Kenneth Slade calls himself Drillwell Enterprises' "gopher" these days. He answers phones, opens mail and takes regular trips to the bank. It's busy work, but he likes it.
Slade is not doing it for the money. He's the owner and founder of Duncan-based Drillwell and at 80 years old, he's slowly working his way to retirement. It might never happen, of course – his eldest son, David, said he's been "in the process of retiring for 20 years."
But it's a way to stay involved and the sons agree it's the least they can do for the man who's handed them all very stable careers.
"I don't think we could have offered our parents a better retirement than in keeping the family business going and keeping them as involved as we can with the operations," said Paul Slade.
Paul is the middle son of three brothers – along with David and their younger brother Calvin – who currently run the company. With their father, they've grown the company from a small water-well drilling venture to Vancouver Island's largest drilling firm, specializing in environmental and geotechnical drilling, hydrofracturing, geothermal drilling and mineral exploration drilling.
Kenneth founded the company in 1965, after 17 years working for Pacific Water Wells, doing major drilling jobs everywhere but at home.
"I was away from home most of the time, and someone else was doing all the work around here, when I was doing all the big jobs [elsewhere]," Ken said. "I said, 'Bugger this!' and I quit to start my own company. "
Within a few years, Drillwell had become a leader in drilling and mining exploration on the island. Naturally, Kenneth had his sons working with him as soon as they were old enough to wield a hammer.
David said that he, Paul and Calvin had sought different careers after high school but they only succeeded only in finding careers they didn't want to do. In the end, nothing quite compared to the business in which they had grown up.
"We didn't always think that's what we wanted to do," David said, "but there's been an awful lot of things that I wanted to do less."
By 1982, the three brothers joined in as partners. Over the following 30 years, they helped their father diversify the business and expand their operations overseas.
They've done jobs in Africa and the Caribbean, including a Canadian International Development Agency project throughout the mid-80s, helping with groundwater exploration in Swaziland.
"We're not just about profit," David said. "We're not satisfied about a job if our client is not satisfied."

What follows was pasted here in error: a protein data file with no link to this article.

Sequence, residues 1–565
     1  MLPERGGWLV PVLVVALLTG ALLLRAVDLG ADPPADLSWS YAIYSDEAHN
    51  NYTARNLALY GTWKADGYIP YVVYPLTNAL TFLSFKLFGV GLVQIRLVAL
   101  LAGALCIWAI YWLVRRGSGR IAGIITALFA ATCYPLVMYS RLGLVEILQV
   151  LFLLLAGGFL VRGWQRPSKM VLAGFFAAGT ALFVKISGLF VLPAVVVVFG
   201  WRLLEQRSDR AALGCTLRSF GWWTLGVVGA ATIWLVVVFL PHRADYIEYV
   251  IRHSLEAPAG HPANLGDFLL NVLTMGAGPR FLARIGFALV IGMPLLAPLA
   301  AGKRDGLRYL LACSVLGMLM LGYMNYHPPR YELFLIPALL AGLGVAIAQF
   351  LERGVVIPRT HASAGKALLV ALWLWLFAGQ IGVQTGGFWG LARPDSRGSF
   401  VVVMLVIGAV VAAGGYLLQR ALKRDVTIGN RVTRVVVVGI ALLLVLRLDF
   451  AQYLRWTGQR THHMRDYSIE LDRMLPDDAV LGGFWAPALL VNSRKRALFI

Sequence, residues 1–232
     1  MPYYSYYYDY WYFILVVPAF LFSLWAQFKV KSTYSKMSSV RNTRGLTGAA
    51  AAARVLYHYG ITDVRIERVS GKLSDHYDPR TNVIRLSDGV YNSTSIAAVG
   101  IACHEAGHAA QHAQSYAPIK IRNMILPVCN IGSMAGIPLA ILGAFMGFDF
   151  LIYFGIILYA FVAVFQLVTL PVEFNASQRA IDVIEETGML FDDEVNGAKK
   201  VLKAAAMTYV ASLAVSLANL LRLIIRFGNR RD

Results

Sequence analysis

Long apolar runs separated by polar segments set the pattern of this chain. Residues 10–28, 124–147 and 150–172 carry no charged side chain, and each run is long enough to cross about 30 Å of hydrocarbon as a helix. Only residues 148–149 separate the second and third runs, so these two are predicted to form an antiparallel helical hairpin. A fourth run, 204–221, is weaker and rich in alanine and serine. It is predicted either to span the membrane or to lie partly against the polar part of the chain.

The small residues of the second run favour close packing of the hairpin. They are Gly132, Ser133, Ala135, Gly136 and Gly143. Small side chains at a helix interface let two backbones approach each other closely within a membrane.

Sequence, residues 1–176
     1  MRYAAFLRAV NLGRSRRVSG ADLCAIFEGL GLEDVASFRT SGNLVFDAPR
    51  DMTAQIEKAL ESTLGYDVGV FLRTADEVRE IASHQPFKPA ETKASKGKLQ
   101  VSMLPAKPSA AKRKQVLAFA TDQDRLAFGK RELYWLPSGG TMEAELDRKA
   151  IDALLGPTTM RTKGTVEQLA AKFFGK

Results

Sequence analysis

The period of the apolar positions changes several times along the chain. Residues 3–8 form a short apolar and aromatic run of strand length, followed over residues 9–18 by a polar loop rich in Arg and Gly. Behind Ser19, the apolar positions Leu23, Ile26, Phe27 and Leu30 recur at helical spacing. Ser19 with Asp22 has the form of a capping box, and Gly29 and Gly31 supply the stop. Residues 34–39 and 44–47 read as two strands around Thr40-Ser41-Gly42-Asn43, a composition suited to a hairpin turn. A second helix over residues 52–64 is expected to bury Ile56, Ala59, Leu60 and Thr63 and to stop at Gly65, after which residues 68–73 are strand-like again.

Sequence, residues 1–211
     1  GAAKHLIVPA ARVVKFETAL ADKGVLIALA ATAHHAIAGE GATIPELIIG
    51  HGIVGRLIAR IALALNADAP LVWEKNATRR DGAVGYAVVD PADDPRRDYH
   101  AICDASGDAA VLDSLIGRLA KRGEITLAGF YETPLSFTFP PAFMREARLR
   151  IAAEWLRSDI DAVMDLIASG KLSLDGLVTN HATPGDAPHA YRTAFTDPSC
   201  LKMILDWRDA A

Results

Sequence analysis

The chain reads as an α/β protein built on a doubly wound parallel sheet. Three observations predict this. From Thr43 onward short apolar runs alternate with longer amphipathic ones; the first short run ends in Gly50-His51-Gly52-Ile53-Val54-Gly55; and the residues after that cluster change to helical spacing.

Today, with their father essentially retired, the three brothers share all administrative, supervisory and maintenance roles equally.
Paul said this overlap has been essential to the business's success – when one brother has been away for work, another can pick up the slack without placing any burden on the operations.
"We can cover for each other very easily and quickly – necessity being the mother of invention, right?" Paul said. "So as far as the managerial skills go, we've just learned by [trial and error], and it seems to work pretty well."
Likewise, all major decisions are made together.
In rare circumstances, David said they'll loop Kenneth into the conversations, but they've managed, for the most part, to deal with any conflicts democratically.
David said, "There's always a majority-rules sort of thing. The partner who was on the losing side was always able to accept that with a minimum of I-told-you-sos and that sort of thing."
He added, "It's always been an unofficial arrangement in the way that we managed our business.
"We've been fortunate that we haven't had serious problems with partners wanting or needing to leave the business or serious illnesses among the partners."
This has worked out, he said, because the Slade family has always been a tight-knit unit. At family gatherings – of which there are many – they will have up to 30 people around the dinner table.
Paul and David say that managing the business together has bound everyone in the family – including the two other siblings not currently involved – closer together.
"I think it's pretty rare to have people who can spend so much time together and still tolerate the sight of each other," Paul said.
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